Stocks gave back some ground on Tuesday, easing lower after a huge rally on Monday. Initial enthusiasm about a possible vaccine for COVID-19 got tempered by more realistic expectations about timing and efficacy, and after holding up during the morning and early afternoon, the market sold off late in the day. The Dow Jones Industrial Average (DJINDICES:^DJI), S&P 500 (SNPINDEX:^GSPC), and Nasdaq Composite (NASDAQINDEX:^IXIC) fell between 0.5% and 1.5%.

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Data source: Yahoo! Finance.

More businesses than ever are racing to build an online presence, dealing with the challenges of trying to operate with coronavirus-forced store closures. Tech giant Facebook (NASDAQ:FB) became the latest company to make a bigger push into enabling e-commerce, launching a service it hopes will make it easier than ever for small businesses to move online. That might seem like bad news for other companies providing those services, but Facebook is using a collaborative approach that actually opens the door to further gains for online business services provider Shopify (NYSE:SHOP).

What Facebook's trying to accomplish

Facebook acknowledges the struggles that small businesses are going through right now, and that's the justification for its releasing its new Facebook Shops product. Facebook Shops lets users set up an online store that customers can access either through the Facebook and Instagram social media platforms. Shops will be free for customers, letting businesses customize their e-commerce presence and pick the products that they want to feature.

Facebook logo of white letters on blue background.

Image source: Facebook.

Facebook Shops tries to make maximum use of the social media giant's ecosystem. The company suggests providing customer service through messaging via WhatsApp, Messenger, or Instagram Direct. Chat-based purchasing is expected in the near future. In addition, those looking for a given business will be able to find it using search functions on Facebook's platforms, as well as through stories, ads, profiles, and other pages.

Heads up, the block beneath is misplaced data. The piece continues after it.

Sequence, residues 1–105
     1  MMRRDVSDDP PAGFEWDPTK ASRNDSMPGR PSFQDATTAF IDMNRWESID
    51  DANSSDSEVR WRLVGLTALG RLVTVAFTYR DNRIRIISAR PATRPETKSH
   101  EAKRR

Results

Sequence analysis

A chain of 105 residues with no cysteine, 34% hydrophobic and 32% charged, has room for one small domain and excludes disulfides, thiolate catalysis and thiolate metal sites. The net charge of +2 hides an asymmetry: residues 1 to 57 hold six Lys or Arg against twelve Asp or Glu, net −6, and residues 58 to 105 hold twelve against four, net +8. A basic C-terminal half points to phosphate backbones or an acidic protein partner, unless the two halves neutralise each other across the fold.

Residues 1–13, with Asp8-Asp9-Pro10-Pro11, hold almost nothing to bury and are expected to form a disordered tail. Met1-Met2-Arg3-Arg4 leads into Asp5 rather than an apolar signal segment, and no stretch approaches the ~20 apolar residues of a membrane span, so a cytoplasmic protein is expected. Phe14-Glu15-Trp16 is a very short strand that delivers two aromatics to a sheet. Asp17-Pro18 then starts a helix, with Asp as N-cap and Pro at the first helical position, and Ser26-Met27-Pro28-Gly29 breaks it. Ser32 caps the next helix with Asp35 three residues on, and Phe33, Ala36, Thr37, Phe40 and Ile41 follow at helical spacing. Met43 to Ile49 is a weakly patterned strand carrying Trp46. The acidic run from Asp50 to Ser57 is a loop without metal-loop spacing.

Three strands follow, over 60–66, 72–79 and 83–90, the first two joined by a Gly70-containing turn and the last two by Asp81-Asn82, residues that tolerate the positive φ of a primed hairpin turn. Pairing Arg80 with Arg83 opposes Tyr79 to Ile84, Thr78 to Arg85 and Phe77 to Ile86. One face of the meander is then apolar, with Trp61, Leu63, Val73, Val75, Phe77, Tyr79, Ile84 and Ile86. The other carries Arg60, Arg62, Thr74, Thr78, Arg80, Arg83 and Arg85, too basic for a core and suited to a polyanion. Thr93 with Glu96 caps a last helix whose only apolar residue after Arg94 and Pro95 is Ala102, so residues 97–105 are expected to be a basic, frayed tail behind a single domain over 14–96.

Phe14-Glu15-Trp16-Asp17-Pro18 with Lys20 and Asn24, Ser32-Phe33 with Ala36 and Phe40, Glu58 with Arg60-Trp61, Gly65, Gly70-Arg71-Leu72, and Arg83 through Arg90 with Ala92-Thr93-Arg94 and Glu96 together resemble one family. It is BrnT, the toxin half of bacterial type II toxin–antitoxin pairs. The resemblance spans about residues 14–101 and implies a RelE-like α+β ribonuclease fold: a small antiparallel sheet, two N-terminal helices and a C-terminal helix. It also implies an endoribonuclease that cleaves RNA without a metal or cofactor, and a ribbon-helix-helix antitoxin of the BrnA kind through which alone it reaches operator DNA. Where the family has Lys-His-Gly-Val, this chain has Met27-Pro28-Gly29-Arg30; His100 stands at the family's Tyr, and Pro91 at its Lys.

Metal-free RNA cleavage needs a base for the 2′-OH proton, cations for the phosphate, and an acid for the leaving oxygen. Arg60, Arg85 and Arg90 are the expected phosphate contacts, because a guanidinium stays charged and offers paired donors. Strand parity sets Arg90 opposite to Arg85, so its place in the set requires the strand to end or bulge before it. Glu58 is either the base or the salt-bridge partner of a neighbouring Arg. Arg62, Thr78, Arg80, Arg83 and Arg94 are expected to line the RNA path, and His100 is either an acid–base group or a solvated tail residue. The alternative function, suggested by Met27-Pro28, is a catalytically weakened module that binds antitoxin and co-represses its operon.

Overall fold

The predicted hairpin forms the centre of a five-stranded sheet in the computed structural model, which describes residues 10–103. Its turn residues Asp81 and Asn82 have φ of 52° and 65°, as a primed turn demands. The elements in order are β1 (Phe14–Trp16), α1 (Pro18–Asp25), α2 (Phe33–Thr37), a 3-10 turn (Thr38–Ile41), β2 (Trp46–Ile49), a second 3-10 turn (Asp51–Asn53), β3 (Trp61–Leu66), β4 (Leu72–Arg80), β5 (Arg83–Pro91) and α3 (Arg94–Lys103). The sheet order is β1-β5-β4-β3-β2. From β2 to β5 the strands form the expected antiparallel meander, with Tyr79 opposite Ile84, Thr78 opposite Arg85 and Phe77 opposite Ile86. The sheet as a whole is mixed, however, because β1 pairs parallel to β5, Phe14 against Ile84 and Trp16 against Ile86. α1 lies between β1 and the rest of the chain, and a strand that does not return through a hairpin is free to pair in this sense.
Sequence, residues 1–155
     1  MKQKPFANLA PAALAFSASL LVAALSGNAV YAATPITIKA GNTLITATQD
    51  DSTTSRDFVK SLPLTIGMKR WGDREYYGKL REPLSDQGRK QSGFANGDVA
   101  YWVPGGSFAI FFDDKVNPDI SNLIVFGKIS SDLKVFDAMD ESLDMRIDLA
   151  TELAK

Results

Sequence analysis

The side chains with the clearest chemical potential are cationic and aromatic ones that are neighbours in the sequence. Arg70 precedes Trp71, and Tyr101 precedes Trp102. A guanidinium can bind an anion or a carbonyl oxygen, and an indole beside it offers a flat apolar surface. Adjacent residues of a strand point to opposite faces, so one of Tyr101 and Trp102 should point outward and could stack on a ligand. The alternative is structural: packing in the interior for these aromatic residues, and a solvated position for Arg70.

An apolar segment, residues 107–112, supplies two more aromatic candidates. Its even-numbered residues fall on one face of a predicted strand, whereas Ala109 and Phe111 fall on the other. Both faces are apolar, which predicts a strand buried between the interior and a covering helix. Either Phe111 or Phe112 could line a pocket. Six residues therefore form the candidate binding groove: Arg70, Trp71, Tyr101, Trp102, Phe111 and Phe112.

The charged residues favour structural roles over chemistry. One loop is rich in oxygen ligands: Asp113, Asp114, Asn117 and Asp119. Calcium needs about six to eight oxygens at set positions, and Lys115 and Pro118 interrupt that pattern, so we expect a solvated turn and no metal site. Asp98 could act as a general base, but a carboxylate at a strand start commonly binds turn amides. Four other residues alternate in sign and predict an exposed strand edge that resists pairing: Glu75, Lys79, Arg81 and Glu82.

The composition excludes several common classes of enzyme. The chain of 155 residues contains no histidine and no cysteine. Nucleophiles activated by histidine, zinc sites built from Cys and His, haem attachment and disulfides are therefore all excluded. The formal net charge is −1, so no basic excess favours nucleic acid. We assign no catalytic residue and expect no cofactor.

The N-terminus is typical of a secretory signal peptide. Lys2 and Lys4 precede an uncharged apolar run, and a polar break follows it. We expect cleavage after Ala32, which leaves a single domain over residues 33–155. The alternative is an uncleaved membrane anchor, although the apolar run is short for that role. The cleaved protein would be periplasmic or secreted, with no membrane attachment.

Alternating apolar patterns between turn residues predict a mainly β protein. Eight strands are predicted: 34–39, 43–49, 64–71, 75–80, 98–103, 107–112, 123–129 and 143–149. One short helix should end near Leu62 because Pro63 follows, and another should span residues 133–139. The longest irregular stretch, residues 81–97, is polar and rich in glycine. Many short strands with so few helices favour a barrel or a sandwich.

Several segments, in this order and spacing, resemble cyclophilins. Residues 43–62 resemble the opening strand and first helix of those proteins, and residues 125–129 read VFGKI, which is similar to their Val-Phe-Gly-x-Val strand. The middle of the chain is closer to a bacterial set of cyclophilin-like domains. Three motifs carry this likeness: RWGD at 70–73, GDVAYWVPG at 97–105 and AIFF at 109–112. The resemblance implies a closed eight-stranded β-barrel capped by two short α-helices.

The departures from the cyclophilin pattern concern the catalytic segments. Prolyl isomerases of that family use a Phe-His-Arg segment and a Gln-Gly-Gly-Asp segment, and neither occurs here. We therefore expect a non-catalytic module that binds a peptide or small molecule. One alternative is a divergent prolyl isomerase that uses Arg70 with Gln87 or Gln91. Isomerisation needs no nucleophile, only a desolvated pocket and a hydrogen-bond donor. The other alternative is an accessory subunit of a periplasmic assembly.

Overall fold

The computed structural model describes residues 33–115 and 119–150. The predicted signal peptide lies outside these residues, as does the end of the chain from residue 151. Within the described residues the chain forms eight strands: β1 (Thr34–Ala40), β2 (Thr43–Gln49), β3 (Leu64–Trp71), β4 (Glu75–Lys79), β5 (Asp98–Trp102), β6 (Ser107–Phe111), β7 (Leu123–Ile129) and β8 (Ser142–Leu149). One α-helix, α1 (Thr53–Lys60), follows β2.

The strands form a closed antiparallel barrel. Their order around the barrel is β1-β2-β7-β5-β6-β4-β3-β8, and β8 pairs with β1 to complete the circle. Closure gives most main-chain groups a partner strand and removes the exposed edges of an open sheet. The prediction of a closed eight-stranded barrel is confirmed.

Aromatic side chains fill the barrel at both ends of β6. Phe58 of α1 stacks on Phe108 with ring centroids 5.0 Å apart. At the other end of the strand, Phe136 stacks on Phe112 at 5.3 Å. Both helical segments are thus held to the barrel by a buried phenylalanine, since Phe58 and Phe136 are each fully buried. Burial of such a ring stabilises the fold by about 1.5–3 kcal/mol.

A new market for Shopify

If that sounds familiar, it's because it mimics a lot of what Shopify already provides. Shopify's entire mission is to help businesses of all sizes get onto the internet, and its suite of services makes it a whole lot easier for anyone from mom-and-pop store owners to mid-sized enterprises get the e-commerce exposure they need.

However, the good news for Shopify is that it won't have to go head-to-head against Facebook. Instead, the social media giant is explicitly working more closely with Shopify and some other partners. The idea is that Shopify already provides much of the support that small businesses need, and Facebook wants to make those services available to its own users to make Facebook Shops look more attractive.

There's been a lot of concern in the disruptive technology arena lately that giants like Facebook would come in and try to steal the thunder of smaller up-and-coming players like Shopify. At least with Shops, though, investors can see that there's an alternative that involves companies working more closely together to offer customers the best of both worlds. That could prove to be a business model that's hard to beat -- and it could give Shopify new business it would never otherwise have gotten. That's a good part of why both Facebook and Shopify shares were higher today, and it could continue to help both tech companies well into the future.

This article represents the opinion of the writer, who may disagree with the “official” recommendation position of a Motley Fool premium advisory service. We’re motley! Questioning an investing thesis -- even one of our own -- helps us all think critically about investing and make decisions that help us become smarter, happier, and richer.